News Update


UAW auto strike: 8,700 Ford employees in Kentucky go on strike

The UAW reported that 8,700 workers walked out of the truck plant in Kentucky in protest to Ford’s refusal to go forward in contract negotiations.

It is a significant increase in the company’s strike against Ford, General Motors, and Stellantis, which began last month.

The UAW is urging automakers to increase salaries and make other concessions in new labor agreements.

It is the first strike in the union’s 88-year history to target the Detroit Three automakers at the same time, which employ more than 140,000 UAW members collectively.

The UAW represents almost 400,000 active workers in a variety of industries, including hospitals and universities.

Workers at US automakers begin a historic strike.
The car workers’ strike is entering its third week.
With Wednesday’s walkout, which halted manufacturing of lucrative pickup vehicles, about one-fifth of auto workers have now stopped working.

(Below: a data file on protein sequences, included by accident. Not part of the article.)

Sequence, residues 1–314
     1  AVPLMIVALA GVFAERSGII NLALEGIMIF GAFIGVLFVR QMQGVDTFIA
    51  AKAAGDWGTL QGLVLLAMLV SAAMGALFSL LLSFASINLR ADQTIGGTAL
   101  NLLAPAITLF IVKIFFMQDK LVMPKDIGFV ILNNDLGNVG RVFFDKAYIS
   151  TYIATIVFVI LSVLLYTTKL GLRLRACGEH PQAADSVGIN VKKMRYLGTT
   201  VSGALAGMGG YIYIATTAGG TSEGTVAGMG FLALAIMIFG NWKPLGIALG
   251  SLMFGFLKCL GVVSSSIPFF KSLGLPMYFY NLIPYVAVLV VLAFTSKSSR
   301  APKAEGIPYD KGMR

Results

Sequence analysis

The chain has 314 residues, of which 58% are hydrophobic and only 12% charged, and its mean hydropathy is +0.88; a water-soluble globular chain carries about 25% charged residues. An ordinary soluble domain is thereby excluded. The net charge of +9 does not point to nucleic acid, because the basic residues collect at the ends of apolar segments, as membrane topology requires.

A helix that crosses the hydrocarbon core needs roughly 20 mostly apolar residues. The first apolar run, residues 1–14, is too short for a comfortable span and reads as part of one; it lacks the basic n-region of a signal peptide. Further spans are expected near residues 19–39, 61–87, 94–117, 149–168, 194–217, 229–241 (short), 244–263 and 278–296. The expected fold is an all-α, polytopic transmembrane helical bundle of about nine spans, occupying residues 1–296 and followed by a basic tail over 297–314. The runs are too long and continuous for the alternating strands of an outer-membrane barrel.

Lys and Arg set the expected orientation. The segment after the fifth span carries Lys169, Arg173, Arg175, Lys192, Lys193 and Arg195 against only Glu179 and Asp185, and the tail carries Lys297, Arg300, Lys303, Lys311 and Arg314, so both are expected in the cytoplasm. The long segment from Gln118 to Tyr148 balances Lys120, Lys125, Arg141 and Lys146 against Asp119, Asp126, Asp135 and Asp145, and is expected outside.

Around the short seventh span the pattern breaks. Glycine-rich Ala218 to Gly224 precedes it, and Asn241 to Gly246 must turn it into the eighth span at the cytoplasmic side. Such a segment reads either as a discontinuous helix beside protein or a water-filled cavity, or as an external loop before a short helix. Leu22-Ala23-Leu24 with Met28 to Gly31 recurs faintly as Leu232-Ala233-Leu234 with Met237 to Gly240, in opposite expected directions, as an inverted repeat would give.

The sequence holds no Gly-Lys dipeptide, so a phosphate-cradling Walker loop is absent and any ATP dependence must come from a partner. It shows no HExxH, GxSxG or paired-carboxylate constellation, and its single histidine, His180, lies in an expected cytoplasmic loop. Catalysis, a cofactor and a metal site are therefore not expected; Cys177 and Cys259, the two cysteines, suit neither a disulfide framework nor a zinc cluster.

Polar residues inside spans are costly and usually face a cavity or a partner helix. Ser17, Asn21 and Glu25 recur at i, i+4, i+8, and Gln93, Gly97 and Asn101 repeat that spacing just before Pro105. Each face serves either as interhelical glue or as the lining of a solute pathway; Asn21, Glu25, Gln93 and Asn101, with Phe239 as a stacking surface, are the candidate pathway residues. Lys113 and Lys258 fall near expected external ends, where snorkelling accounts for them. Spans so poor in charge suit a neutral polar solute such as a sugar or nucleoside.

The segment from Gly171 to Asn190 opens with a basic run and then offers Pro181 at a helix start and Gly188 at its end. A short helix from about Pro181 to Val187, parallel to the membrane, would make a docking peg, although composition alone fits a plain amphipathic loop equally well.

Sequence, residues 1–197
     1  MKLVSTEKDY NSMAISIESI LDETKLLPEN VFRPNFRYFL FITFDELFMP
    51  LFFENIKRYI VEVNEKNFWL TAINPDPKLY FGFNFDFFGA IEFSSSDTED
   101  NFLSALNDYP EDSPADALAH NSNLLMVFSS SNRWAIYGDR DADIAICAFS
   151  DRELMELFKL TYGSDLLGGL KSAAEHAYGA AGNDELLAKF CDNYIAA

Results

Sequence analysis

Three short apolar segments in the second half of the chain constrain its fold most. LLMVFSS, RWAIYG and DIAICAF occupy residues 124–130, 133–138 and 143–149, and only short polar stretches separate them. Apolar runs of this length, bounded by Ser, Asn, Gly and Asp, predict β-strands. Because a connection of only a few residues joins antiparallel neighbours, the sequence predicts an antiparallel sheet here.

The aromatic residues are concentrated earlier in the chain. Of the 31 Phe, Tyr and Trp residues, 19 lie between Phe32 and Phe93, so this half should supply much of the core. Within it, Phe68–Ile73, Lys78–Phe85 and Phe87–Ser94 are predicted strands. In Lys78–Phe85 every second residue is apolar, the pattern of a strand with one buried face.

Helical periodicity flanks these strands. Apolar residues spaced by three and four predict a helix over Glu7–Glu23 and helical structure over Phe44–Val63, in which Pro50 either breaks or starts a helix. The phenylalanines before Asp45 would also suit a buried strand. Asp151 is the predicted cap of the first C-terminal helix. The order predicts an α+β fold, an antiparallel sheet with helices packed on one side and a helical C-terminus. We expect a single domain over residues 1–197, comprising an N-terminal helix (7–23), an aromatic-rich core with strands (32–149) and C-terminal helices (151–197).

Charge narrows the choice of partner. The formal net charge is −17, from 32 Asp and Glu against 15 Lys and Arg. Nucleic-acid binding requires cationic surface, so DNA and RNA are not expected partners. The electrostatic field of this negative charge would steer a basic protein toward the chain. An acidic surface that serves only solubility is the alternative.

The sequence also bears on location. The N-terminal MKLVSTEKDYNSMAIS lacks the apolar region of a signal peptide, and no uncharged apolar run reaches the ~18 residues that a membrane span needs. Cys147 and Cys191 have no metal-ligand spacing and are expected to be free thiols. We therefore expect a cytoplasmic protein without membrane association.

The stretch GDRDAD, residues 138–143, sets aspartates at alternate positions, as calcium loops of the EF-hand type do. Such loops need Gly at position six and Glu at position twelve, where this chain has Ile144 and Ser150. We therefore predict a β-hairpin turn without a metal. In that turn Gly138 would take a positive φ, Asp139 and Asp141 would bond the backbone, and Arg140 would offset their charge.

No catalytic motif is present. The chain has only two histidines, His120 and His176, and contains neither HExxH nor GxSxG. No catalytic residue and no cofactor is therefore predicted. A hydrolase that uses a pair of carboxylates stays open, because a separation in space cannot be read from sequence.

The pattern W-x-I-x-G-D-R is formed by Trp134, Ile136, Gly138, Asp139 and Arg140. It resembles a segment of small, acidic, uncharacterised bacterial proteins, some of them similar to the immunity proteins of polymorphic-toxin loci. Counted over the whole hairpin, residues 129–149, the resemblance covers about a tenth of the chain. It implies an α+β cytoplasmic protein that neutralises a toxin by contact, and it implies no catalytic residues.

Ford termed the latest UAW effort “grossly irresponsible” in a statement.

Ford’s truck facility in Kentucky generates $25 billion (£20 billion) in annual income, accounting for one-sixth of the company’s global automobile revenue.

The latest walkout serves as a warning to General Motors and Stellantis, which are now negotiating with the UAW.

It also comes at a time of widespread labor upheaval, casting a pall over an industry that accounts for 3% of the national economy.

Two weeks ago, US President Joe Biden became the first sitting US president to visit a picket line in support of striking autoworkers in Michigan, saying the workers “deserve” raises and other concessions.


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